Your Pet’s Death is Not Your Fault

One of the most popular videos on my YouTube channel is Dealing with Grief Over the Loss of a Pet. I made the video more than two years ago and since then it has received 9,700 views, and approximately 350 comments.  I’ll post the video at the bottom of this blog.

I have replied to every single one of those comments. And I’m not lying or exaggerating when I say that while replying to about 99% of them, I did so with tears rolling down my cheeks.

Losing a pet is absolutely terrible no matter how it happens.

All of the comments on that video offered a description of sadness, despair, loss, depression, and even people who felt absolutely hopeless about how they were going to go on without their beloved pet.

The video offers several coping strategies to help people to deal with the loss of their pet. The best advice I think anyone can give is to stay busy and allow time to pass.  There is just no way to solve how severe the pain is when it first happens. We really don’t have any other choice but to bite the bullet and wait it out. It’s only after some time has passed that we can begin to calm down and heal.

pet lossIt’s Never Your Fault

I am always extremely sad when someone says they think their pet’s death was their fault. I’m sad for two reasons:  one is that I know what that feels like. I, too, have had instances where I’ve lost a dog or a cat and afterwords thought that I could have done something to prevent it. Had I done this, had I done that…

The second reason it upsets me is because I know that it is not the person’s fault. If their cat was sick and they didn’t realize it, and if they only would’ve realized it sooner and taken them to the vet, maybe the cat would have survived. If the pet wasn’t eating and they were so busy in their daily life that they didn’t realize that the food bowl wasn’t going down as quickly as usual.  If the pet got dehydrated and they didn’t realize they weren’t drinking enough water. If they mistakenly left the front door open and their pet ran out and was hit by a car. I’ve even heard stories about someone’s cat falling out the window of a multi-story apartment building.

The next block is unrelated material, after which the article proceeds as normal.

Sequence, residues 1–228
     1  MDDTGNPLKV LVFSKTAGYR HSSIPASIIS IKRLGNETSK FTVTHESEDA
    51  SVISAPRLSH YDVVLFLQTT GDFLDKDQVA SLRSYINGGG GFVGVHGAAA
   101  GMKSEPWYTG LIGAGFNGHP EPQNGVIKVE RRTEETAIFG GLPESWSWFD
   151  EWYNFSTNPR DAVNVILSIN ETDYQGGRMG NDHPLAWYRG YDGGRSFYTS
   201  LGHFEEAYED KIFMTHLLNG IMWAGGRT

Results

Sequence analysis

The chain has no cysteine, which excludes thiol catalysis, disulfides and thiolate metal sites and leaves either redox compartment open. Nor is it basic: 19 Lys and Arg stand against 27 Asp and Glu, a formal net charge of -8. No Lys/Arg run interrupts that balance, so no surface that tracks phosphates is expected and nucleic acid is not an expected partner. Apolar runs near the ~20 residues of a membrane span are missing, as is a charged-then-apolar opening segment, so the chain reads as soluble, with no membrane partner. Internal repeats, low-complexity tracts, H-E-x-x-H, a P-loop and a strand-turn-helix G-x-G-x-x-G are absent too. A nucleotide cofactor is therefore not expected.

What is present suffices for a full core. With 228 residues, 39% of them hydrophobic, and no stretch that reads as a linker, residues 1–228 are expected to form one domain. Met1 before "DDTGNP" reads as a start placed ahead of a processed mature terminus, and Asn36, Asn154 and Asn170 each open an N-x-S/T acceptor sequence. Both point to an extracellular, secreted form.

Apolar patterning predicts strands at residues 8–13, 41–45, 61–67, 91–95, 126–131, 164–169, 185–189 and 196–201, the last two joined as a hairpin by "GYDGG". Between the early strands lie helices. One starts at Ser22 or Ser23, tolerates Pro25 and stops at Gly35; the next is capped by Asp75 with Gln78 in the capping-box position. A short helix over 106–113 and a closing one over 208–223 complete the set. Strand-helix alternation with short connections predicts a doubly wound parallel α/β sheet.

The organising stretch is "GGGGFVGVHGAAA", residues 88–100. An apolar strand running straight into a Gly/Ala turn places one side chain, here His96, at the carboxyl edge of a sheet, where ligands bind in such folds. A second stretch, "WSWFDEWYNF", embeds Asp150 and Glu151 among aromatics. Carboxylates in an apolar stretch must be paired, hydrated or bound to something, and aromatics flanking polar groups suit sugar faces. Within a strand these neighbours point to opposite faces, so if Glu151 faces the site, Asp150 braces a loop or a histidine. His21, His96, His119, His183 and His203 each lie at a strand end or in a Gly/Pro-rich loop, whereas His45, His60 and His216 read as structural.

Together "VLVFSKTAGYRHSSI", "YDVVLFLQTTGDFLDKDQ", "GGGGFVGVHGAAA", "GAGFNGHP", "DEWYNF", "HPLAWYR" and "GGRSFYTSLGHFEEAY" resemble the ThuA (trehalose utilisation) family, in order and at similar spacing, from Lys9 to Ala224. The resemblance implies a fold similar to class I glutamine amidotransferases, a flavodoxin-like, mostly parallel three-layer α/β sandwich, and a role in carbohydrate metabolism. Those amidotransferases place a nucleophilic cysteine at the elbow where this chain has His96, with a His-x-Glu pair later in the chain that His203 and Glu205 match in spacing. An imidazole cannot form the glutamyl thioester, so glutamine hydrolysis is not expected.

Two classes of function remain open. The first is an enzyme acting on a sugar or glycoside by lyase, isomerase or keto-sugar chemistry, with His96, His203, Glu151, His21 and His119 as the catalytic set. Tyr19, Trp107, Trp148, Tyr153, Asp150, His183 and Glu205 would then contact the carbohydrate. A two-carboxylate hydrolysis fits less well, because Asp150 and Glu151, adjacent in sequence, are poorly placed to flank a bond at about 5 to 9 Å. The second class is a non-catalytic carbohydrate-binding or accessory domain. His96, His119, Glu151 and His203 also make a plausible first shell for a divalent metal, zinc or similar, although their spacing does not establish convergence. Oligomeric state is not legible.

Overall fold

But the thing is, we are human beings. We make mistakes. We don’t know everything. Seriously…you don’t know until you know.

We’re all doing the very best we can. No one, not one of us, has ever gotten up in the morning and said to ourselves, “I think I’ll hurt my pet today.” Seriously.  No one ever has the intention of harming their pet in any way.

Do we make mistakes as pet owners? Yes. Just like we make mistakes in every other area of our lives.

But let me present you with these thoughts:

First, you cannot possibly know everything. Cats, for example, will go to great lengths to hide their illness. It’s one of their survival instincts. So as a cat owner, most likely if your cat is having a health problem, they’re going to be quite ill before they show any signs of it. You cannot blame yourself for that.

A young dog, for example, just like a human toddler, will run and play with a fever of 103. It’s not until they drop that we realize they have that high a fever. They’ll keep going and keep going, even if they are sick.